A new study suggests Africa is the source of all modern humans as the genetic structure of Africans is traced to 14 ancestral population clusters that correlated with ethnicity and shared cultural and/or linguistic properties.
The largest-ever study of African genetic data—more than four million genotypes--also found startling diversity on the continent, shared ancestry among geographically diverse groups and traced the origins of Africans and African Americans.
Researchers studied 121 African populations, four African American populations and 60 non-African populations for patterns of variation at 1327 DNA markers. The study traced the genetic structure of Africans to 14 ancestral population clusters, which correlated with self-described ethnicity and shared cultural properties.
The research team demonstrated that there is more genetic diversity in Africa than anywhere else on earth.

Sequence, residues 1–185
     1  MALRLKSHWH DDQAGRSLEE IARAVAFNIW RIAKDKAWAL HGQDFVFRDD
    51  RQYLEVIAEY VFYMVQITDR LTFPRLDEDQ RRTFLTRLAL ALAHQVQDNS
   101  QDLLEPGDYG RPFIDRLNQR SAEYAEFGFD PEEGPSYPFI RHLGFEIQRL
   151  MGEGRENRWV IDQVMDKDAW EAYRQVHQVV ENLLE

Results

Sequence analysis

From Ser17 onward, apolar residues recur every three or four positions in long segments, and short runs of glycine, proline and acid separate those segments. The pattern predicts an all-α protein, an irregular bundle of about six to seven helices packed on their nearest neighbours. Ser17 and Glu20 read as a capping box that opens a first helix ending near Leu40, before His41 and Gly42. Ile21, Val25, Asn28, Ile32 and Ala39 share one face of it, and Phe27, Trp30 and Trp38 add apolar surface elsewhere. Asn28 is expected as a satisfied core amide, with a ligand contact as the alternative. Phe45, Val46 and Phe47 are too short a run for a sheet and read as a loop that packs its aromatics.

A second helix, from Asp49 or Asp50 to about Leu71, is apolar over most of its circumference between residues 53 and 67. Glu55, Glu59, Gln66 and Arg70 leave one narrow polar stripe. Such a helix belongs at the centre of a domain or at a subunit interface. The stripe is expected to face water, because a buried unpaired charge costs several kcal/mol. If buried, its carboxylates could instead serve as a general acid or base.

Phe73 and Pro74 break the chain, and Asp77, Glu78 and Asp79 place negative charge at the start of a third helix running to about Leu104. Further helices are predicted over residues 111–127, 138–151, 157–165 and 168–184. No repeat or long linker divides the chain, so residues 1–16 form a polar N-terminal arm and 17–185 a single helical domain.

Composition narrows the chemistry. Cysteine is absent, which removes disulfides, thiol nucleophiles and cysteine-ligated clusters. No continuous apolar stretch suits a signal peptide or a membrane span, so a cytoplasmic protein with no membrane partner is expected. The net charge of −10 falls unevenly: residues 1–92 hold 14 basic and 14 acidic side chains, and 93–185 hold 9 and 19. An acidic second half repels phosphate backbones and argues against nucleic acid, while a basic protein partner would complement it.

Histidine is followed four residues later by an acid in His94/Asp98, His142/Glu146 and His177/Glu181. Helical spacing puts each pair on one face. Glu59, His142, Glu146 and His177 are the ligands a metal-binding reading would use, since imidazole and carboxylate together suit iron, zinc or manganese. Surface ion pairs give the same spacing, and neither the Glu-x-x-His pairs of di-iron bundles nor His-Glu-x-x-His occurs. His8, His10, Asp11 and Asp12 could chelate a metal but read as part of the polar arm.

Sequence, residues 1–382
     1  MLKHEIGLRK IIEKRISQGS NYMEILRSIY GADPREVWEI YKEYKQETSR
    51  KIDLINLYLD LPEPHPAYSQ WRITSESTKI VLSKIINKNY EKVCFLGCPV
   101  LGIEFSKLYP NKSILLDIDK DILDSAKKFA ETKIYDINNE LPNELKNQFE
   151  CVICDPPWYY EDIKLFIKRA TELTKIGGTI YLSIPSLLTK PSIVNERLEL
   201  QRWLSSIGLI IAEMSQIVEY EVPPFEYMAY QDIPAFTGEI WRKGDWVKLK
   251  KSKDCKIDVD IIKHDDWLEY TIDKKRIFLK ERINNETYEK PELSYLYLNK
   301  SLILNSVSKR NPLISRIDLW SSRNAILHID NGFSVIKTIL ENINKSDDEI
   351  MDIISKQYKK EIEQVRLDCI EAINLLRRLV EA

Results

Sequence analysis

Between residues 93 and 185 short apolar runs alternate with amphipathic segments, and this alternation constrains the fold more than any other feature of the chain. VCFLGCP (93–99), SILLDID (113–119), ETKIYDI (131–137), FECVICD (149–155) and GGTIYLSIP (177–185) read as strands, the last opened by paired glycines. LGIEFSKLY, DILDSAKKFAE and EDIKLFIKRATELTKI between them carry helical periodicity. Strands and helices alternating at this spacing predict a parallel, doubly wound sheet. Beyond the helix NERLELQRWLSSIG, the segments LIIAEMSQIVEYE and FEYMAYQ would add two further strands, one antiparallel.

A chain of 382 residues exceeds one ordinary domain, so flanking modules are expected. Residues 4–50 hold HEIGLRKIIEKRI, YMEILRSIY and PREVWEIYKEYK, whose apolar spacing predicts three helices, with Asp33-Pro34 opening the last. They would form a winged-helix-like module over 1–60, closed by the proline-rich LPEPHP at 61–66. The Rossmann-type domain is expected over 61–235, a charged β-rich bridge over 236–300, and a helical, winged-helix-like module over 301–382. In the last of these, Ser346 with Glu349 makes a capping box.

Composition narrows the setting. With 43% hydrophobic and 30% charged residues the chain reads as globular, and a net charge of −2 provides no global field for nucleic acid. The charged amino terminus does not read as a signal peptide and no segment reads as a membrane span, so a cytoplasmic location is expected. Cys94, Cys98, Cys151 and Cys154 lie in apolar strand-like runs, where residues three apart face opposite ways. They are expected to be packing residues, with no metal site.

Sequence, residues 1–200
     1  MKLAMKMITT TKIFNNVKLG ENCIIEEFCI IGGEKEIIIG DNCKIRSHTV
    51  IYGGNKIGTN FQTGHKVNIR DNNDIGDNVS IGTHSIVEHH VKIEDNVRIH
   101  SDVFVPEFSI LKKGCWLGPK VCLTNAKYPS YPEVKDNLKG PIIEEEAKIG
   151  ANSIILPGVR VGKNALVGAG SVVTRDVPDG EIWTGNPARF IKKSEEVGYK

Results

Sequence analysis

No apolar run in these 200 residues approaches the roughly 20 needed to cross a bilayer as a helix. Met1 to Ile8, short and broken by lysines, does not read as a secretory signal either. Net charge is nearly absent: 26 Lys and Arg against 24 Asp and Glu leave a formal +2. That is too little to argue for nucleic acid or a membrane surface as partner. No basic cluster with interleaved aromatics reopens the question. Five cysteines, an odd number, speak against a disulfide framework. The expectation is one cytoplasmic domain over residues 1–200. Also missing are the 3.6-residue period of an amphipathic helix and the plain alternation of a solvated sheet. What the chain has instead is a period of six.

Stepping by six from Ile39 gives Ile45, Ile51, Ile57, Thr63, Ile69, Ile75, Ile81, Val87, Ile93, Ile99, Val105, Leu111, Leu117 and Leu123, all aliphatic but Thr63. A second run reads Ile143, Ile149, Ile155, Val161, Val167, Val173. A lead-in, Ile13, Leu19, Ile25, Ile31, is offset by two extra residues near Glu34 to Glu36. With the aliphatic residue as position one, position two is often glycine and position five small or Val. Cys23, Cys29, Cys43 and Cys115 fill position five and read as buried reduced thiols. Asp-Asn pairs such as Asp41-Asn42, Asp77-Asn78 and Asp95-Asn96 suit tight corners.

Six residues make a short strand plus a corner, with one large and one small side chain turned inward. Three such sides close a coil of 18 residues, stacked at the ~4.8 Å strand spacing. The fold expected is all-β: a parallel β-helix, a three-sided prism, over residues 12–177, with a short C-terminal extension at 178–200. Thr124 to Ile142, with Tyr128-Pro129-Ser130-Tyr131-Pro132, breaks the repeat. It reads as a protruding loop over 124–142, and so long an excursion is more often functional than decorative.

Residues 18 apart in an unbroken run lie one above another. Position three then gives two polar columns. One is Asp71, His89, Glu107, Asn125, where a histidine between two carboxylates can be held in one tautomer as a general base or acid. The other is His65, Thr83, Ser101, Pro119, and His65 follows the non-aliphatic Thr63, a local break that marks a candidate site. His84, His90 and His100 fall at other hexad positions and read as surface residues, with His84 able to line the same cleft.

The study was published in the April 30 issue of the journal Science Express.
"Given the fact that modern humans arose in Africa, they have had time to accumulate dramatic changes" in their genes, explained lead researcher Sarah Tishkoff, a geneticist at the University of Pennsylvania.
People have been adapting to very diverse environmental niches in Africa, she said.
The study also provided evidence for shared ancestry among geographically diverse hunter-gatherer populations (Khoesan-speakers and Pygmies). The ancestry of African Americans is predominantly from Niger-Kordofanian (~71%), European (~13%), and other African (~8%) populations, although admixture levels varied considerably among individuals.